Today, I point you to a few photos I snapped of a terrific law school event. But after that, I have a question for you.

The event was a panel discussion at the University of Arizona Law School in recognition of Constitution Day. I told you about the Rehnquist Center program here. (Bios of the speakers can be found here.)

L to R: Speaker Clint Bolick, Goldwater Institute; Professor Toni Massaro; Hon. Neil Wake, U.S. District Court; Seth Waxman, WilmerHale

As always, the Center brought together a stellar group of people to discuss contemporary cases from the U.S. Supreme Court.

More photos are at the Arizona Attorney Facebook page.

Now, my question.

You’ve likely heard by now that UA Law Dean Larry Ponoroff tendered his resignation last week. (He resigned as dean only; he will remain on the faculty.) I always appreciated Dean Ponoroff’s insights, and I’ll be sorry to see him step down from leadership.

By coincidence, I had calendared with him a late October interview. It was to be a Q&A in the tradition we have of law school dean interviews. I was curious about how things are going at the law school, and what ideas and plans he had.

My first thought upon hearing the news was simply to assume our interview would be canceled, and that I’d simply wait to see who was named the new Dean.

But then I spoke with a lawyer whom I respect very much. He urged me to find out if Dean Ponoroff would still want to chat. The lawyer reminded me that someone on the way out (even if not all the way out) may be candid about the lessons he and his school have learned.

Do you agree? Would you find such insights helpful?

Professor Toni Massaro, Sept. 14, 2012

It’s ironic that I had to be reminded of that lesson, given that a similar Q&A has turned out to be almost my favorite dean interview ever. Back in 2009, I interviewed UA Law Dean Toni Massaro as she was ending her long tenure as Dean. Our conversation was rousing and gave me added hope for legal education.

Perhaps another such interview could offer the same result. Please let me know what you think.

It’s always terrific when a great plan comes together.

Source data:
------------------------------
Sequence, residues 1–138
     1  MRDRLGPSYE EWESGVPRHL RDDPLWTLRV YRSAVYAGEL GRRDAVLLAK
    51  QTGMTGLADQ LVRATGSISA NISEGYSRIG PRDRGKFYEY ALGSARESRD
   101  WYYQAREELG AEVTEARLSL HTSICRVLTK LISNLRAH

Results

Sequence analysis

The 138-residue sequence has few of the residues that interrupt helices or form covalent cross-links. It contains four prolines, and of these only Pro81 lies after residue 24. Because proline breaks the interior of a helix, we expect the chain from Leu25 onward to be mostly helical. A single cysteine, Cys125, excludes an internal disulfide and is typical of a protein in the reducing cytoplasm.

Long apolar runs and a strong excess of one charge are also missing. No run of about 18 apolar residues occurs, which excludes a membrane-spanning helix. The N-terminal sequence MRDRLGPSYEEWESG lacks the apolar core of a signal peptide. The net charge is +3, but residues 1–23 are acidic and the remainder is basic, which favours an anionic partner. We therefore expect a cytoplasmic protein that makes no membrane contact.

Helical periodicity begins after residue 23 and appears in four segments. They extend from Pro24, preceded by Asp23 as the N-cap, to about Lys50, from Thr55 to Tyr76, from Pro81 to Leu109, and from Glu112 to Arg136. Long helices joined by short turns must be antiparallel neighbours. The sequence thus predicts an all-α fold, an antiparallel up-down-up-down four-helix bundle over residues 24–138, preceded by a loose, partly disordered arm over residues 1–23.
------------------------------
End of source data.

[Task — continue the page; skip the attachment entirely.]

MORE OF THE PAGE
That’s the first thing that occurred to me when I saw an upcoming CLE announced. It is on next Thursday, October 13 (from 9 am-4 pm), and it’s co-sponsored by the State Bar of Arizona and the Peoria Municipal Court.

The title of the program is “We the People: A Symposium on the U.S. Constitution and the U.S. Supreme Court.” Read more and register here. I plan to be there most of the day.

Rio Vista Recreation Center, Peoria, Ariz.

What appears most appealing is the opportunity to learn a little about both of those institutions that are central to our nation (and who couldn’t use a little of that). But just as important is the chance to hear from some scholars on modern-day cases and controversies. For example, the day’s roster includes immigration debates as enacted through SB1070, federalism and states’-rights questions, and federal review.

These are issues that are as timely as today’s newspaper.

Here is a description of the seminar and the faculty:

An exploration of the U.S. Constitution and the U.S. Supreme Court by legal experts from across the country.

Seminar Chair: Judge G. T. Anagnost, Peoria Municipal Court

Faculty:

Professor Paul Bender, Sandra Day O’Connor College of Law at Arizona State University

Paul Bender

Dean David Meyer, Tulane University Law School

David Meyer

Professor R. Kent Newmyer, University of Connecticut Law School

R. Kent Newmyer

Professor Jennifer Chacón, University of California Irvine School of Law

Jennifer Chacón

Professor Justin Marceau, University of Denver Sturm College of Law

Justin Marceau

Again, for more on this seminar, the day’s complete agenda and to register, click here.

To add to the day’s pleasures, you may want to bring your running shoes and workout clothes, because the CLE will occur in the Rio Vista Recreation Center in Peoria. I have heard amazing things about this place, and you can read more about it here. If you happen to be a Peoria resident, working out at the Center is free; if you’re not, there’s a small daily fee.

Rio Vista Recreation Center

Whether or not you exercise more than your brain that day, the Center is worth seeing. Here are some more photos.

Finally, the architect was Architekton of Tempe, Ariz. Click here for more about the building, including photos, drawings and concept.

See you in Peoria.

(Here are directions to the Rio Vista Recreation Center, located at 8866 W. Thunderbird, Peoria, AZ: 1/4 mile west of the 101 freeway off of W. Thunderbird Rd. Turn North on Rio Vista Blvd. and end at the Center.)